The Manchus invaded the Ming Empire from the north and established the last dynasty called the Qing Dynasty. The Manchus were not Chinese, but they retained the Neo-Confucian governing system of the Song and Ming eras. The Qing Dynasty came under increasing attack from both internal rebellions and foreign countries. In the 19th century, foreign literature and the West became better known. In the middle of this era, the last of China’s four great classic novels was written called Dream of the Red Chamber (紅樓夢); and near the end of the era, modernistic literature developed.
The Dream of the Red Chamber also has an uncertain authorship. Like the other three great classic novels, it was written in a vernacular language – the Mandarin language that was the language of the Qing capital. It is probably mostly composed by Cao Xueqin (about 1715-1763) in the middle 1700s, and the first printing of the book was in the late 1700s. It is thought that Cao did not live to see the first printing. It is thought that another person or other people contributed the ending of the story since the original ending of the story was lost. The book has a lot of textual problems, and there are different versions. In a preface to a printed version in 1792, two editors claimed to have put together an ending based on the author's working manuscripts that they had bought from a street vendor.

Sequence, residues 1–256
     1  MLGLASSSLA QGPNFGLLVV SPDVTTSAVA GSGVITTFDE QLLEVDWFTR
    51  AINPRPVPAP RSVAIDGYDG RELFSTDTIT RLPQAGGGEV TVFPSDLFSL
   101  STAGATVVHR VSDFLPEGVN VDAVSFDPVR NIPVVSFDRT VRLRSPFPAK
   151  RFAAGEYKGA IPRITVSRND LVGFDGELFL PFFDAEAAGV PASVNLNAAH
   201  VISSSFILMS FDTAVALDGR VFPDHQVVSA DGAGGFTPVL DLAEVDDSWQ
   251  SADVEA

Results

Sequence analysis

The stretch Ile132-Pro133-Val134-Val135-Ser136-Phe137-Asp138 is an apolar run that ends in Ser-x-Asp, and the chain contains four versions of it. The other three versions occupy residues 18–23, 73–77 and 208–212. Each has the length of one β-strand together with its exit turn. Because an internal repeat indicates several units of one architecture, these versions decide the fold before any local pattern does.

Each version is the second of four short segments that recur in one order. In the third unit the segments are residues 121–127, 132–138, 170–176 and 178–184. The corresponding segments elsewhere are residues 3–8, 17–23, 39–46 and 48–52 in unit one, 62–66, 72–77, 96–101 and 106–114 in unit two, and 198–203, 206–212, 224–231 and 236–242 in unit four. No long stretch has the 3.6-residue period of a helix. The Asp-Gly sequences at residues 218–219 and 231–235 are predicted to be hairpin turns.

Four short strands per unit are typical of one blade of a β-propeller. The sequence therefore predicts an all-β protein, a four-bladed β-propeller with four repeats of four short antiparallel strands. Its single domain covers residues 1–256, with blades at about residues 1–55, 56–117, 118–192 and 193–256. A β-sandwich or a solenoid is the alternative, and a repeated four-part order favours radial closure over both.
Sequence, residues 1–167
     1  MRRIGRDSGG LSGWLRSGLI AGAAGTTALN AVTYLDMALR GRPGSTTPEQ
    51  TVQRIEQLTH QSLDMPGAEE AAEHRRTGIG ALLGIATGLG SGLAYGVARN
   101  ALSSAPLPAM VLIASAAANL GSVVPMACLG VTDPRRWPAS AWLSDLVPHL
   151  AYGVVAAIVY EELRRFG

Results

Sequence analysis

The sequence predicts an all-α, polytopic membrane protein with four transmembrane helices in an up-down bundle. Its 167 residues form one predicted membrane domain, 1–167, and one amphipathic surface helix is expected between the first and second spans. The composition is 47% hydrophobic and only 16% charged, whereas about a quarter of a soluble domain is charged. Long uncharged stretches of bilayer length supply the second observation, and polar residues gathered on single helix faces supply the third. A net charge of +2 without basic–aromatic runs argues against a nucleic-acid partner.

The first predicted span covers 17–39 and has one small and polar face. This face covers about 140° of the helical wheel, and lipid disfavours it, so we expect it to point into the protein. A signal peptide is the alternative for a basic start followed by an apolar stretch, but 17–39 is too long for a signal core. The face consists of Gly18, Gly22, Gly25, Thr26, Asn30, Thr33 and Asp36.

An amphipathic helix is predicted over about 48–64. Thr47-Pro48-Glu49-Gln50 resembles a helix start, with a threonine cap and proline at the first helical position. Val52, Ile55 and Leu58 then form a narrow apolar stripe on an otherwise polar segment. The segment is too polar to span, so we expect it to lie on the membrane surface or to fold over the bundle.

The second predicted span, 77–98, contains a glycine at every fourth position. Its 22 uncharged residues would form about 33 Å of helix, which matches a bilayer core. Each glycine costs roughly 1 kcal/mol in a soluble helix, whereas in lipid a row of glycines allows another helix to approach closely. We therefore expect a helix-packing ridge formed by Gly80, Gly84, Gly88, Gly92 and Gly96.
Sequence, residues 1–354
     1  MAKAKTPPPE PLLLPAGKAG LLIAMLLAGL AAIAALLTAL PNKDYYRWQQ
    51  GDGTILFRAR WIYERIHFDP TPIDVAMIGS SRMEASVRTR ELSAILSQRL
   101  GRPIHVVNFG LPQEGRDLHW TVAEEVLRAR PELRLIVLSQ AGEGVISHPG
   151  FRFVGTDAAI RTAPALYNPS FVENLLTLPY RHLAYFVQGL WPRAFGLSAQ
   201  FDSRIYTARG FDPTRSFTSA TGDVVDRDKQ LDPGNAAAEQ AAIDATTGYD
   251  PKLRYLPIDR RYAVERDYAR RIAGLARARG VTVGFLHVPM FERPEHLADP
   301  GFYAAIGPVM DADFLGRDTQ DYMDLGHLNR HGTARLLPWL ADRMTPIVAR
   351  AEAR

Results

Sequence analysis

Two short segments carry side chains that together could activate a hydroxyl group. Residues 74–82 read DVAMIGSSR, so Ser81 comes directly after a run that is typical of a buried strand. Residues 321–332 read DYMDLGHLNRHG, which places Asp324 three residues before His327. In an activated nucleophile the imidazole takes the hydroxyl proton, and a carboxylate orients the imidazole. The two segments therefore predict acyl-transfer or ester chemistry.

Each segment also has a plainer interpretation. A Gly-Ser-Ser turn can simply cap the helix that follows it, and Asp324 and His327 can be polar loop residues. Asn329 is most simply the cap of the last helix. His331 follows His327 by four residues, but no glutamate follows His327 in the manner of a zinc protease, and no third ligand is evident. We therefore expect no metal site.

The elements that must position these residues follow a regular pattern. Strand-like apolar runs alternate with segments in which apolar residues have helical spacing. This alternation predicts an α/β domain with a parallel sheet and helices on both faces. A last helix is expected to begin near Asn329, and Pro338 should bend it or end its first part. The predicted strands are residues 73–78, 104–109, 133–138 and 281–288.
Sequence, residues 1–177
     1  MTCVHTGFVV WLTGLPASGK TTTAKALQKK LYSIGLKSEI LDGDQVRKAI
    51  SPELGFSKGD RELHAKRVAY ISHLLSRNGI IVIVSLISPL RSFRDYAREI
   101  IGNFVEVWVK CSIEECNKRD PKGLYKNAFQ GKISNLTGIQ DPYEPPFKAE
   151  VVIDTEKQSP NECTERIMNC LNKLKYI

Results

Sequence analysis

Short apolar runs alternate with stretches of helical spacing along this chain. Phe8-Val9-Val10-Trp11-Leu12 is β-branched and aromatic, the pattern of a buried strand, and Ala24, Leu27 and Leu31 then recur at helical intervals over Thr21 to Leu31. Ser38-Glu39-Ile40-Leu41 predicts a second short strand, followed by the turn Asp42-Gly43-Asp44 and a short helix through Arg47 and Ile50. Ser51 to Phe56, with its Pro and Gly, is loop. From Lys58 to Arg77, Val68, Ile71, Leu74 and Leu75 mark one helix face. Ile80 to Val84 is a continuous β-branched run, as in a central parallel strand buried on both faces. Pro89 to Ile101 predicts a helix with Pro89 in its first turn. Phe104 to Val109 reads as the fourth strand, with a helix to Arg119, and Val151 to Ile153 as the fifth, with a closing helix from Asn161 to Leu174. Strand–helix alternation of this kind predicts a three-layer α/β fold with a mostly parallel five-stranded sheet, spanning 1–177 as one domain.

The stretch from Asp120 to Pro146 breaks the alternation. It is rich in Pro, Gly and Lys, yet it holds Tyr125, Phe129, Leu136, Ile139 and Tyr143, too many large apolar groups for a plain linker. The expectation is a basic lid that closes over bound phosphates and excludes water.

At the end of the Qing Dynasty era, the dynastic rulers came under increasing pressure both from foreign attacks and internal rebellions. Educated Chinese had easier access to foreign literature, and they were more influenced by Western culture. Students started to travel abroad to study, and schools built by missionaries educated tens of thousands of students. There was a general sense of crisis, and intellectuals started translating foreign works on science, politics, and literature. These were popular, and the culture started to change. Some writers produced fiction more like Western fiction.
Modern Era (1912-present)
Sun Yat-sen led a revolution that marked the end of Chinese dynasties in which a clan rules an empire. Of course, the big change of Chinese society that happened with the change of government led to a change in literature. It became westernized, and the Classical Language wasn’t used. The national government wanted women to have more of an equal status in society, and women writers and scholars were taken more seriously. There was a lot of politically oriented literature printed. Scholars had access to foreign literature, and many students studied abroad.
Until about 1923, there was a New Culture Movement. Writers generally wanted to lead the way in transforming China into a modern industrialized country and replacing Confucian life-style with a westernized one. Under the national government, there was some freedom of expression, and lots of views and styles of literature were popular. China came under attack from Japan. After the Communist victory, only literature approved by the government was allowed.
SOURCE : chinahighlights.com
- Chinese Classics Dream of Red Mansions Journey to the West Romance of the Three Kingdoms The Peony Pavilion Traditional Culture and Art